Are we talking about bureaucratic red tape? Sorry, no. We’re talking about a necessary reality for US healthcare operations. Yes, even marketing!
If you’re in the business of healthcare practice, you’ve bumped into HIPAA by now. And if you find it confusing, that’s completely normal. HIPAA is notorious for being vague. As a result, full HIPAA compliance is bound to feel elusive at least some of the time.
And so, we’ve compiled a straightforward guide to HIPAA and its many requirements. Here, we’ll cover what the law entails, what it means to be HIPAA compliant, and the potential consequences if your practice falls short.
What is HIPAA? What does it mean to be HIPAA compliant?
“HIPAA” stands for the Health Insurance Portability and Accountability Act.
Essentially, HIPAA is a set of rules enforced to safeguard an individual’s medical information. It covers health plans, healthcare providers, and clearing houses that use electronic tools and platforms for transactions.
The rule ensures that a patient’s private health details are protected and controls how they’re used or shared without their consent. Plus, the patients have some rights too, like getting copies of healthcare records or asking for fixes if something’s not right.
On the books since 1996, the law—and its accompanying amendments—helped develop a system of national standards to fortify personal healthcare information (usually referred to as “protected health information” or “PHI”) against unauthorized disclosure.
You might be wondering what PHI covers. A few examples of it are:
- Personal Identifying Information: Names, addresses, birthdates, Social Security numbers, and other similar information that can be used to identify an individual.
- Health Information: Medical records, diagnoses, treatment plans, prescription information, test results, and other health-related data.
- Payment Information: Billing records, insurance information, and any other data related to the payment for healthcare services.
HIPAA’s ultimate aim is to improve “the efficiency and effectiveness” of the US healthcare system.
HIPAA enforcement is in the hands of the US Department of Health and Human Services (HHS).
The individuals and organizations subject to HIPAA rules include:
- Healthcare providers:
Any healthcare provider who electronically transmits health information, regardless of their size. These transactions include:
- Benefit eligibility inquiries
- Referral authorization requests
- Or any other transactions specified under the HIPAA Transactions Rule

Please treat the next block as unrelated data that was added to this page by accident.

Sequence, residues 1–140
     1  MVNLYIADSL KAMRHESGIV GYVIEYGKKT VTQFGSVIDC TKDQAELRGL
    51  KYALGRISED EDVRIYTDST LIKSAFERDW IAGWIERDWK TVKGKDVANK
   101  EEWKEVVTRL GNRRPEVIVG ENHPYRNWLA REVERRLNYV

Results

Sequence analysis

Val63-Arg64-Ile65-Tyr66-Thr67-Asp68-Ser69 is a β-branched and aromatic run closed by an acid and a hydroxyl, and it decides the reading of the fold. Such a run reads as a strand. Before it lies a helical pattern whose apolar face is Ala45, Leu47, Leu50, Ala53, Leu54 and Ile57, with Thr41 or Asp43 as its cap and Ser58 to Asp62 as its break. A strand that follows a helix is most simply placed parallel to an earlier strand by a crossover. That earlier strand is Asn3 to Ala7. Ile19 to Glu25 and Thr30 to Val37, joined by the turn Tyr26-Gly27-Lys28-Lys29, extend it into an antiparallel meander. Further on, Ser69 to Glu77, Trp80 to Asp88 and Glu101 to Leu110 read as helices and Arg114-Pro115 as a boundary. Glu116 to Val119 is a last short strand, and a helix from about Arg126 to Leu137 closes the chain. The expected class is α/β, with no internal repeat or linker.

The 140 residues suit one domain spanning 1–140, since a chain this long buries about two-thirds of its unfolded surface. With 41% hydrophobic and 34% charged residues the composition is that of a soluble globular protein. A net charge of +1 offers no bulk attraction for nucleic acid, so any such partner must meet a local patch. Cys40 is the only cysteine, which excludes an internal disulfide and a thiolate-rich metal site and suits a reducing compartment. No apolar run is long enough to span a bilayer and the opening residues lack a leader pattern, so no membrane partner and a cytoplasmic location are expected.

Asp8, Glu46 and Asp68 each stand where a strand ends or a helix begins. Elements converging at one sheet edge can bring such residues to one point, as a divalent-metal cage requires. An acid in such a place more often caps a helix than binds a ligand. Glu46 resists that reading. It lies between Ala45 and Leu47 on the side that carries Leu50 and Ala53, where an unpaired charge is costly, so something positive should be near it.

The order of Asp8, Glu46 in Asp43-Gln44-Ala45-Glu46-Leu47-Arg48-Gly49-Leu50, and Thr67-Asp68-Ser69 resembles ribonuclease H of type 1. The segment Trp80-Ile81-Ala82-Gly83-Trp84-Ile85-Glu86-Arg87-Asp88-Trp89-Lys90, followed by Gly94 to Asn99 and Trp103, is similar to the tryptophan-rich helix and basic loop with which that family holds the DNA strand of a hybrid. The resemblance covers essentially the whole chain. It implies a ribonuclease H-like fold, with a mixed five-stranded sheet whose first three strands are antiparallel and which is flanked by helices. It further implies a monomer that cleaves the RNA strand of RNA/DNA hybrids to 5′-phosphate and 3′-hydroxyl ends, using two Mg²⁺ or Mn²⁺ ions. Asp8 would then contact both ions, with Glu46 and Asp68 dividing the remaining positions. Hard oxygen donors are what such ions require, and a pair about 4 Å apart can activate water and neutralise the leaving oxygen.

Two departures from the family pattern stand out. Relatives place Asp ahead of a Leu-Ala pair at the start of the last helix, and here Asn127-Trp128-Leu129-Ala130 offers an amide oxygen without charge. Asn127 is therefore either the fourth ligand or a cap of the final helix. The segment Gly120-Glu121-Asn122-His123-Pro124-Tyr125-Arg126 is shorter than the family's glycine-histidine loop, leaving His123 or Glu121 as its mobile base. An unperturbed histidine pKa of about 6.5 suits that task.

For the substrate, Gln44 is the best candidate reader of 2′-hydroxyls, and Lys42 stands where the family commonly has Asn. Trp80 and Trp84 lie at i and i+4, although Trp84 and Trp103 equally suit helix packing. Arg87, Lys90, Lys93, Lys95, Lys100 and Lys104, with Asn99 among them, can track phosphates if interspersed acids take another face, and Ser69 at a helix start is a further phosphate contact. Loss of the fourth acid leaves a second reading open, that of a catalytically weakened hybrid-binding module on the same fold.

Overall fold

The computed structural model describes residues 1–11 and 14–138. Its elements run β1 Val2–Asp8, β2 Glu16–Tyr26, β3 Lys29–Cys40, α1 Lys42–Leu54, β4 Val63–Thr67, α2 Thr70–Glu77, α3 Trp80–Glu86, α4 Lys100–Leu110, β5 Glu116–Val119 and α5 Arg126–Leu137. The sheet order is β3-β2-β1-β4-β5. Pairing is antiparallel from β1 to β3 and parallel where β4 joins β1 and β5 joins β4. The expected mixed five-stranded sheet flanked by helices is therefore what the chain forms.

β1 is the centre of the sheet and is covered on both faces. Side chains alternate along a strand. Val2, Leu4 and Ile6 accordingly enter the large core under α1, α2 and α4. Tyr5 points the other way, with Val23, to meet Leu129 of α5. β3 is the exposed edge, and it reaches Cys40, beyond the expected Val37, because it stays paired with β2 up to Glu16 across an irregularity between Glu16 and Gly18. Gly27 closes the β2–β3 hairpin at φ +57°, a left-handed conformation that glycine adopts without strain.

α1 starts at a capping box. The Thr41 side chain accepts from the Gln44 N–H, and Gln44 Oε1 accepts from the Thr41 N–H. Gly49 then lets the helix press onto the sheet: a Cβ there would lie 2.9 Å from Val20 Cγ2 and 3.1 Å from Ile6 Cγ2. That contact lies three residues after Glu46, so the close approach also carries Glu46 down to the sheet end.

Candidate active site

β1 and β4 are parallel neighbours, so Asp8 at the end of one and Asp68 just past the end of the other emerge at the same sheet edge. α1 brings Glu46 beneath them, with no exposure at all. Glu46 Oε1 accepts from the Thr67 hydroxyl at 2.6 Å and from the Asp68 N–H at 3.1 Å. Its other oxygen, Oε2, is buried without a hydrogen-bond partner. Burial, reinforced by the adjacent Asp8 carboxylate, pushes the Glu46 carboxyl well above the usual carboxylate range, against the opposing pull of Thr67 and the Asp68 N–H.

- Health insurance companies
- Healthcare-related businesses and organizations: Businesses, like medical software companies, who need to access medical records to perform services for a covered entity need to be HIPAA compliant. These services include:
- Insurance claim processing
- Data analysis
- Health plans
These organizations, known as “covered entities,” are all obligated to meet federal regulations for HIPAA compliance.
5 Rules of HIPAA compliance for healthcare organizations
If we dig deeper, we find HIPAA can be broken down into five “rules”:
The Privacy Rule looks to establish a balance between the necessary flow of PHI among covered entities and an individual’s general right to privacy. The rule standardizes the usage and disclosure of PHI and requires specific safeguards for patient data, all subject to HHS oversight.
The rule also empowers individuals to “understand and control” the methods used to view or share their PHI. (It even demands patient authorization for certain types of disclosure.)
Permitted Uses and Disclosures
The law says that you can use and share PHI, but you don’t have to. You need patient’s permission to share their information in the following cases:
- Sharing with patient: If they need to see or know about their own information, you have to show it to them.
- Treatment, payment, and health operations: You can use the information for things like treating that particular patient, getting paid, and running your operations.
- Asking for patient’s opinion: You can ask the patient if it’s okay to share their information to know their opinion on a certain healthcare option
- Sharing a bit of information: You can give out limited details for research, public health, or their own operations.
But, in certain cases where it’s good for the public, you can use and share patient’s information without asking them. There are 9 such cases:
- When you have to by law: Some instances such as government investigations or international transfers require healthcare information to be shared.
- For public health: if it’s about keeping people healthy, you can share. Example: research for the development of new treatments.
- Helping abuse or neglect victims: healthcare information is shared to protect people who are being hurt.
- Legal situations: certain court cases require health information, such as DNA samples, that you’re obliged to share.
- Dealing with the dead: you can use information about people who have passed away for certain reasons.
- Donating organs, eyes, or tissue: the information can be shared if the patient or their family wants to donate after you die.
- Research, in special cases: sometimes you can use patient’s info for research if it’s done the right way by qualified medical/research institutes.
- Stopping danger to health: if there’s a big health threat, you can share info to prevent it.